How to Find Top Rated Dual Diagnosis Treatment Centers in Georgia

While dual diagnosis treatment centers in Georgia are not uncommon, finding a highly rated soul diagnosis rehab center that addresses your specific needs can be more of a challenge. Mami dual diagnosis treatment facilities can address disorders like anxiety and depression because they are typical withdrawal symptoms clients experience during detoxification. However, suppose you suffer from more serious mental illness like bipolar disorder, schizophrenia, or trauma. In that case, it is critical for your rehabilitative health to receive treatment in a facility familiar with this type of treatment.

Atlanta Recovery Place provides clients outpatient opportunities for dual diagnosis treatment. Our Atlanta treatment programs vary in severity and are designed to address both substance use and mental illness. Our comprehensive treatment options support clients on their journey of recovery.
Counselors are available now. Contact Atlanta Recovery Place to see how we can help you.

Are There Atlanta Centers for Addiction and Mental Health?

Are There Atlanta Centers for Addiction and Mental Health?

When an individual is struggling with both a substance use disorder and a mental health disorder, it is critical that they receive treatment for both to decrease the likelihood of relapse and increase the probability of successful long-term recovery. So are there Atlanta centers for addiction and mental health treatment?

Clients can access this type of treatment through Atlanta Recovery Place. We offer a comprehensive, evidence-based, and licensed treatment program for clients that address substance abuse and mental illness. In addition, our Atlanta rehab facility provides extensive outpatient options for individuals struggling with dual diagnosis disorders. Speak with an admissions counselor to learn how our programming can help you today.

What is the Relationship Between Mental Health and Addiction?

There’s a strong correlation between mental health and addiction. Often these two interact and can even worsen the other when they occur together.

Illegal drugs often have severe and unhealthy physical and mental side effects, for example, alcohol and heroin or depressants. These depressants can increase the likelihood of a person experiencing a depressive episode. On the other hand, drugs like methamphetamine and cocaine are stimulants. These drugs can increase anxiety and highlight concerns with personality disorders.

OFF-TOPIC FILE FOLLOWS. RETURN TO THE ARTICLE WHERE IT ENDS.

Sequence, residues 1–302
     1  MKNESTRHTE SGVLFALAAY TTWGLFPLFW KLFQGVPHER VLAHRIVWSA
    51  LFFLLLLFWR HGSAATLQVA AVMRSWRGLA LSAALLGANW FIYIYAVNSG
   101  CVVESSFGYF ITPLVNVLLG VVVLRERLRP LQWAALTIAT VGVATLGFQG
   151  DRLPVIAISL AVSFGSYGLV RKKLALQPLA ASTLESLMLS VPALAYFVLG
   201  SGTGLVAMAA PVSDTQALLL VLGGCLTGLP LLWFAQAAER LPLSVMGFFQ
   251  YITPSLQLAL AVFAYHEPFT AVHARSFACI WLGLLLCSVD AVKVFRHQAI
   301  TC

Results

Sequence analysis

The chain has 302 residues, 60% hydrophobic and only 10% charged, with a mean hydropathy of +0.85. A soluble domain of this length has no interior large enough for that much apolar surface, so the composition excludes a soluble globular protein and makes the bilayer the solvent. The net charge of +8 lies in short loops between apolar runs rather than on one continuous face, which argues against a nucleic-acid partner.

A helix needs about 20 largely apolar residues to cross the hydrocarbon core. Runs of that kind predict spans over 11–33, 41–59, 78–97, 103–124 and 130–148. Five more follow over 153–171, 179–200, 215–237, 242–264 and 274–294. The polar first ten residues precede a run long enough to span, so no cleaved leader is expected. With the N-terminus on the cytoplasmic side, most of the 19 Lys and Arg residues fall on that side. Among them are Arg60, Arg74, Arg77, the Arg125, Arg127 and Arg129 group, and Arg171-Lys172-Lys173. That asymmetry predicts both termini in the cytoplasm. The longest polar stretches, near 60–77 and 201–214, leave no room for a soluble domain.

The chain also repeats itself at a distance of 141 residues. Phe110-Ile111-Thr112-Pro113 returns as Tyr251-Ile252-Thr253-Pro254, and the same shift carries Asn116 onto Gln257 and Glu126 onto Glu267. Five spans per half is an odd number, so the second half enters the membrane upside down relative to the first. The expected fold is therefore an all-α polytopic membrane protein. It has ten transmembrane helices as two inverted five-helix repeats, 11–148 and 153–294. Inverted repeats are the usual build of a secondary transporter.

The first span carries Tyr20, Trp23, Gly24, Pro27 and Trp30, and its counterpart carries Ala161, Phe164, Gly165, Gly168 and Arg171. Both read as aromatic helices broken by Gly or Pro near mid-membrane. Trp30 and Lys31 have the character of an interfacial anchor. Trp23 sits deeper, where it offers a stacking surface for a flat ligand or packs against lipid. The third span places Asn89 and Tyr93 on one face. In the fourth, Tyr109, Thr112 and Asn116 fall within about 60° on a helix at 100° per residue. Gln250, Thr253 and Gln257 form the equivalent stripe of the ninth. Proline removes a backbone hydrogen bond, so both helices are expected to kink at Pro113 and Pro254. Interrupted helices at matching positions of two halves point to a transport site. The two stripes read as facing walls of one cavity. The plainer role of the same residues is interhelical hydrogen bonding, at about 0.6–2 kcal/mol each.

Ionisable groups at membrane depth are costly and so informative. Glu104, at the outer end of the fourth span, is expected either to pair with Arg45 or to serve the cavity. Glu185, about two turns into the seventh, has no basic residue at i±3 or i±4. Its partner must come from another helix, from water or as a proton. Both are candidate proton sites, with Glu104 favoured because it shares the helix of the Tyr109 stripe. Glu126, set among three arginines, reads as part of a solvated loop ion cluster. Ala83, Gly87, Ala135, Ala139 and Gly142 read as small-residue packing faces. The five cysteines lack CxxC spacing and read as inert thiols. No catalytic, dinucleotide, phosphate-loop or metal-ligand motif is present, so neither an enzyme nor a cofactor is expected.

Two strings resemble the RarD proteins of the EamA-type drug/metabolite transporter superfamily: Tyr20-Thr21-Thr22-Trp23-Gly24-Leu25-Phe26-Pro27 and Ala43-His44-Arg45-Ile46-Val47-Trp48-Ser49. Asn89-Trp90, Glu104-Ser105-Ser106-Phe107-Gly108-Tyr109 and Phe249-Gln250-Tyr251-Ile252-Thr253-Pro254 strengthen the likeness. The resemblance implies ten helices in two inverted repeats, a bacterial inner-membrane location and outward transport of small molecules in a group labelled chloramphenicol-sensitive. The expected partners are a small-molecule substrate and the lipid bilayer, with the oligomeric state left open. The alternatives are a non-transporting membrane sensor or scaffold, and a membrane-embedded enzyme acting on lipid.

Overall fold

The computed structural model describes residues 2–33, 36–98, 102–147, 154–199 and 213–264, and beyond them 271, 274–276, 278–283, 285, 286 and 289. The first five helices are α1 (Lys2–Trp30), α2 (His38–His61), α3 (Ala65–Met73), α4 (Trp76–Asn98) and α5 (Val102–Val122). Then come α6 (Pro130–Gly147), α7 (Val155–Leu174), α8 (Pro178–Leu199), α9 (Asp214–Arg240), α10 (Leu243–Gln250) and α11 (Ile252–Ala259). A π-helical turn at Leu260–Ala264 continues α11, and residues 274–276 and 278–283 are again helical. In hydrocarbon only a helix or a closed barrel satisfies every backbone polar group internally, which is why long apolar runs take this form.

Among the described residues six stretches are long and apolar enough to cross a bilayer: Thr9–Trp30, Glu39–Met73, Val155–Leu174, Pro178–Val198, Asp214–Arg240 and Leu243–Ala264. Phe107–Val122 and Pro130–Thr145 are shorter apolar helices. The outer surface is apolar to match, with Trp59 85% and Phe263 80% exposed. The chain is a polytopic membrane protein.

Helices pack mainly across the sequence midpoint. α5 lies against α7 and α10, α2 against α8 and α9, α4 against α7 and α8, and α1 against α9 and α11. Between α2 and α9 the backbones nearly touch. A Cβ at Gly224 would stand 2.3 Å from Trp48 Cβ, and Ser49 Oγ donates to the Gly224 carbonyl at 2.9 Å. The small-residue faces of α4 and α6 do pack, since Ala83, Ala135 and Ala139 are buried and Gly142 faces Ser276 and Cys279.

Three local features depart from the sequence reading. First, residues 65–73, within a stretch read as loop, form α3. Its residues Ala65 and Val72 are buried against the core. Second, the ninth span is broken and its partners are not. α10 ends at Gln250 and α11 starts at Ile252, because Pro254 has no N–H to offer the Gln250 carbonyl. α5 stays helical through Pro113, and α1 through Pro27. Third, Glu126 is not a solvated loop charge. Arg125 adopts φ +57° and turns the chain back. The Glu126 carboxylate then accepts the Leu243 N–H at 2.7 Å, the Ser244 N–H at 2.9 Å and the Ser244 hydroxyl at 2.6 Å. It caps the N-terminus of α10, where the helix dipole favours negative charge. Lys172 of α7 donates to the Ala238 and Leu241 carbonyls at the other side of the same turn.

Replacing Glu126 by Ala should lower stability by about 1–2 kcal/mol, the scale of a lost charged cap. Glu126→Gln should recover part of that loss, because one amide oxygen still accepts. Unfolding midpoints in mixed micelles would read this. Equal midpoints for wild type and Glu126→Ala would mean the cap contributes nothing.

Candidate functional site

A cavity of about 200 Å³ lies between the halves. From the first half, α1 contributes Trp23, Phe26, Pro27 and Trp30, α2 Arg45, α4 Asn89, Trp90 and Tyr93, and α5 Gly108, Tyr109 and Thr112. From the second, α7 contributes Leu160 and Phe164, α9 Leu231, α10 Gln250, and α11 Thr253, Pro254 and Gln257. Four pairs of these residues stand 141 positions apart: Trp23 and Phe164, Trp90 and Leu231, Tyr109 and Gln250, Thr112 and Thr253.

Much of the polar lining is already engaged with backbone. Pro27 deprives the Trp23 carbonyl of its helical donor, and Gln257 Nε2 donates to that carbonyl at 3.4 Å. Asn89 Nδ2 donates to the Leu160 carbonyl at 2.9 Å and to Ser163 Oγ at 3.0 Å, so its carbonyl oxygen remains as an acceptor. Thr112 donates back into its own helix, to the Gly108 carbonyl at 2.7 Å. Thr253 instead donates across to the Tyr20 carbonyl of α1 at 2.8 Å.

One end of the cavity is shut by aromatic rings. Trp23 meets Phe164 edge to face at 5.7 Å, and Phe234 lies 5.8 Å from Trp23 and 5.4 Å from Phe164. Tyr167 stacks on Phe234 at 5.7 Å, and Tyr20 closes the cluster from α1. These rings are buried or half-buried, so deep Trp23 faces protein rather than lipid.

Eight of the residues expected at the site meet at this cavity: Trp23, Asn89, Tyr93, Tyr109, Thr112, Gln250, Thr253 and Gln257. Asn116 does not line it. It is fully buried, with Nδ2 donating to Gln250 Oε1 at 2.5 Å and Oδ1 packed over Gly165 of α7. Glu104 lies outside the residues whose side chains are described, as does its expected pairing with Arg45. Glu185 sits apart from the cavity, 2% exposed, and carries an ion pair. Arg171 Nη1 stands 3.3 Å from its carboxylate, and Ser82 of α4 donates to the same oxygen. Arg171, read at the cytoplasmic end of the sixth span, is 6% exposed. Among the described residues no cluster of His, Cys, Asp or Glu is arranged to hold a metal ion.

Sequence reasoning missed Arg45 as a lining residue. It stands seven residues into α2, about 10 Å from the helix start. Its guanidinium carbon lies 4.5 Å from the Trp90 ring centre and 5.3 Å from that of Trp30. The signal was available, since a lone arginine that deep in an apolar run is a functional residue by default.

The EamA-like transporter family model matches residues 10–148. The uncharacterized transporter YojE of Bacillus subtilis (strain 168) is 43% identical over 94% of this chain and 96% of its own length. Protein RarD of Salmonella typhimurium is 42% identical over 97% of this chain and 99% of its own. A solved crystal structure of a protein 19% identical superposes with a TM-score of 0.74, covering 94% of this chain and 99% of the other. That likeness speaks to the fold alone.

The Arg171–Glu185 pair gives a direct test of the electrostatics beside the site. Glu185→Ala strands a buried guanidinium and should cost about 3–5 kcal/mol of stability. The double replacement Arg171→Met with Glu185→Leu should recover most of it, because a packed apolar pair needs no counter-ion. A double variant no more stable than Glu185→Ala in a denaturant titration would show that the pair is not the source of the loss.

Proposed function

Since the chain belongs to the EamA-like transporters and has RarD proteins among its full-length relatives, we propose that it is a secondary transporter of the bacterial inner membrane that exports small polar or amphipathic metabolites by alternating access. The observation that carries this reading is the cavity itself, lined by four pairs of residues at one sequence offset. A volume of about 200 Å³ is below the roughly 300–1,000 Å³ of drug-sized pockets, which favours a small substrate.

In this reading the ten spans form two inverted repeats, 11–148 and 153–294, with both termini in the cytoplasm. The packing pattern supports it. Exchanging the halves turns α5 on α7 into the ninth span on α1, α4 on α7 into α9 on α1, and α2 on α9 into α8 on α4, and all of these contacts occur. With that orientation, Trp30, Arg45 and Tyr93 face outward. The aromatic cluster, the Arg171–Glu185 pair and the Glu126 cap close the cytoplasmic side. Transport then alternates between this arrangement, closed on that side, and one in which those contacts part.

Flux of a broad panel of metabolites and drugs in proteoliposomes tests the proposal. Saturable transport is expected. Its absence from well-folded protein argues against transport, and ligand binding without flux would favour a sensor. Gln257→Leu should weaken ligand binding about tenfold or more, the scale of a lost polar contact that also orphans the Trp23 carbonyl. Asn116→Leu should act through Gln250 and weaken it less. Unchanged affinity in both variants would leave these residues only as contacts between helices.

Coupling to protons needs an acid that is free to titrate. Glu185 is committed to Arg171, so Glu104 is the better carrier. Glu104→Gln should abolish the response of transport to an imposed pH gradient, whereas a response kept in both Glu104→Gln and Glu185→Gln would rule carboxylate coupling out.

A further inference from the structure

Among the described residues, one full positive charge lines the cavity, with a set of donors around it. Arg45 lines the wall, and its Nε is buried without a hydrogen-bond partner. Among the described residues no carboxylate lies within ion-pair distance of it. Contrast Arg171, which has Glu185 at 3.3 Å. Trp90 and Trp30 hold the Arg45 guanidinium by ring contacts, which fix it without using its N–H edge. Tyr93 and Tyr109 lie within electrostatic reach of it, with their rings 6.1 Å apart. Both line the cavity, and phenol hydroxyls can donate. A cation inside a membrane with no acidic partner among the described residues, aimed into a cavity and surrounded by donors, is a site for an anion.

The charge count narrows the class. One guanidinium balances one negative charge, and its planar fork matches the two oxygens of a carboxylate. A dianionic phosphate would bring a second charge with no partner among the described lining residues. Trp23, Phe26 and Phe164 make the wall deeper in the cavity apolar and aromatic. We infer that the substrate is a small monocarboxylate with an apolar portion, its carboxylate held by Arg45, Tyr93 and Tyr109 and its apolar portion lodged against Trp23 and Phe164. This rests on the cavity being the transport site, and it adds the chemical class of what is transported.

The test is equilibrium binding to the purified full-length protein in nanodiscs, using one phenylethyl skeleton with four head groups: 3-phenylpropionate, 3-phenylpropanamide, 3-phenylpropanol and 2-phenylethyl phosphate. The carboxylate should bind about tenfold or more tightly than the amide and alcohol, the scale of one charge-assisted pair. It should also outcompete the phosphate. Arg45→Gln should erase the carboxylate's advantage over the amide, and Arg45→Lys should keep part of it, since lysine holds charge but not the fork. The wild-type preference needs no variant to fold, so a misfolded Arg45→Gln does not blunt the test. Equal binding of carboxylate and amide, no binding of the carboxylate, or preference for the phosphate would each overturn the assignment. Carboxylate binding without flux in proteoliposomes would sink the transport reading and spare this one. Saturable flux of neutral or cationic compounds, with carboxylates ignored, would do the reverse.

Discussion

However, this correlation can also go the other way. Individuals struggling with mental health often turn to illegal drugs to help self-medicate or take their prescribed drug in a way that is not recommended. By doing so, individuals increase the likelihood of developing an unhealthy relationship with drugs and have the potential for abuse. In addition, when struggling with a mental health disorder, individuals are not thinking clearly, and this can impact how individuals feel when taking the drug. Sometimes, the drug intended to make a patient feel better actually worsens their overall well-being and causes further physical and mental health concerns.

According to data collected by the substance abuse and mental health services administration, approximately 65,000 people suffered from a mental illness or a serious mental illness between 2019 and 2020. Additional government data indicates that individuals have between a 15 and 30% chance of also having a substance use disorder. The most common mental illnesses that co-occur with substance use disorders are depression, bipolar disorder, attention deficit hyperactivity disorder, borderline personality disorder, and antisocial personality disorder. In addition, individuals with schizophrenia and anxiety may also say increased problematic behaviors.

Is There Treatment for Addiction and Mental Health?

There are treatment options for addiction and mental health disorders. This is commonly known as dual diagnosis or comorbid mental health and substance abuse treatment. Most commonly known as dual diagnosis or comorbid mental health and substance abuse treatment. When an individual enters dual diagnosis treatment, they go through a complete psych evaluation to determine their mental stability, symptoms, and information about stressors, triggers, and other pertinent information. This process helps treatment facilities determine the best mental health treatments, the type of location necessary, and any other medication or supports that would be necessary for rehabilitation.